Jeremy Laffon

Among other things, sculpture and artist Jeremy Laffon has gained fame from the creation of elaborate chewing gum towers, meticulously stacked and balanced to create fantastical pieces of architecture. The Daily Mail wrote “With patience and painstaking precision  French artist Jeremy Laffon built the complex geometrical structure, which stood  at almost two metres and was nearly  three metres long. The sticks were stacked, piled and assembled  with care, but Laffon deliberately melted a few so that the towers would  eventually fall down.

Laffon, from Marseilles, explained that he  wanted the towers to begin disintegrating, despite all his months of hard  work. ‘It represents a sculpture of frustration and  that’s why I chose to knock it down by melting a few crucial  pieces. After melting a few sticks, the work fell  down and collapsed slowly.’

The 34-year-old said that it started as a way  to interest his art class: ‘I was invited to teach a room full of art students  and I had to find something that would occupy so many people. ‘I was inspired by the system of  matchitecture, where thousands of matches are used to create a  sculpture. I’ve always been fascinated by the  construction of a house of cards and decided to create a sculpture with a material that hasn’t been used before.’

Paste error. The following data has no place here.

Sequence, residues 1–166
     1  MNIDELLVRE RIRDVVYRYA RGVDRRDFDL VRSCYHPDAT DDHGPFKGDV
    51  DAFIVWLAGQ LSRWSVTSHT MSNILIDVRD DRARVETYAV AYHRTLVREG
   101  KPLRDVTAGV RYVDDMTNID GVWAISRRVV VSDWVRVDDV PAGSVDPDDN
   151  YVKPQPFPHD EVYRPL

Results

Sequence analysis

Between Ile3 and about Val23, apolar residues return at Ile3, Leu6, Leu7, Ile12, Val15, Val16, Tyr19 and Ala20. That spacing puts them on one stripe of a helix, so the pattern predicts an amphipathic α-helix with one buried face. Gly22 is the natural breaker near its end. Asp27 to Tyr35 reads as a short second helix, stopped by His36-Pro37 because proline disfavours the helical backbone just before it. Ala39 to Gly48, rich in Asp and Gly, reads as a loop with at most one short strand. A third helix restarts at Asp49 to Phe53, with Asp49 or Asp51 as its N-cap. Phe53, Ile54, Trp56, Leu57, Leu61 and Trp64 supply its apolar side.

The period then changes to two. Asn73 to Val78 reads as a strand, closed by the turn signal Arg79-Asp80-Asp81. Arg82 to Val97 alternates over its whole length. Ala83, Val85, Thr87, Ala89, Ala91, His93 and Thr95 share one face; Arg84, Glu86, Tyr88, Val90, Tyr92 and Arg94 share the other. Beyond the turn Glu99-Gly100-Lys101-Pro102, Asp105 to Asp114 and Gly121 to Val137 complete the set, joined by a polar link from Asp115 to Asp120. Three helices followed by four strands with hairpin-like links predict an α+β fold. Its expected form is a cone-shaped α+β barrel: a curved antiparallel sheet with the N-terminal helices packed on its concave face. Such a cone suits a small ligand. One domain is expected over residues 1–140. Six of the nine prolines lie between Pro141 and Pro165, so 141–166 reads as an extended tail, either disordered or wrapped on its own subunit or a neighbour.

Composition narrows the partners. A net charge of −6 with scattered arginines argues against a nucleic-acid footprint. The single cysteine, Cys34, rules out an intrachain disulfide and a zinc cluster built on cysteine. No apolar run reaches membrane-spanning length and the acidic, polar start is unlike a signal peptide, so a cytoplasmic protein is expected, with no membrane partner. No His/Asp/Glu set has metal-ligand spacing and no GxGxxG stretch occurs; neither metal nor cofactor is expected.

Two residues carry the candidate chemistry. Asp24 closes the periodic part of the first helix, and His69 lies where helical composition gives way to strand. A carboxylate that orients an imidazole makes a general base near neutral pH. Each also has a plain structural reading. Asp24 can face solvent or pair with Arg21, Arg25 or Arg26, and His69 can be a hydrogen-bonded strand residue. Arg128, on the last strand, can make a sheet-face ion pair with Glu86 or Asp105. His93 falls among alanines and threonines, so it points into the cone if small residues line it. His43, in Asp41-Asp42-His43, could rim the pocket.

As a contemporary artist, Laffon was looking  for an original material that would prove to be challenging to work  with. He added: ‘I wanted to use something that was  challenging and the characteristics of chewing gum seemed  perfect. Chewing gum is unstable and I thought that  it would be tough to create a huge sculpture out of this material.’

The scaffolding-like structures were made  into fragile twisting towers and Laffon artist had to adapt his methods to make  sure the sculpture could start off properly upright.He said: ‘I tried to complete the design by  just using saliva, but  that wasn’t strong enough, so I had to use glue to make  it secure. Then, the sculpture was constructed much  like a house of cards.’

The sculptures had a strong resemblance to a  city skyline – but Laffon did not have a particular place in  mind. He added: ‘Inevitably, the sculpture makes  people think of a city because of the geometrical construction.’

Laffon bought the gum from a French  supermarket, before Cadbury France stepped in to supply him with the  rest.

Solent News & Photo Agency

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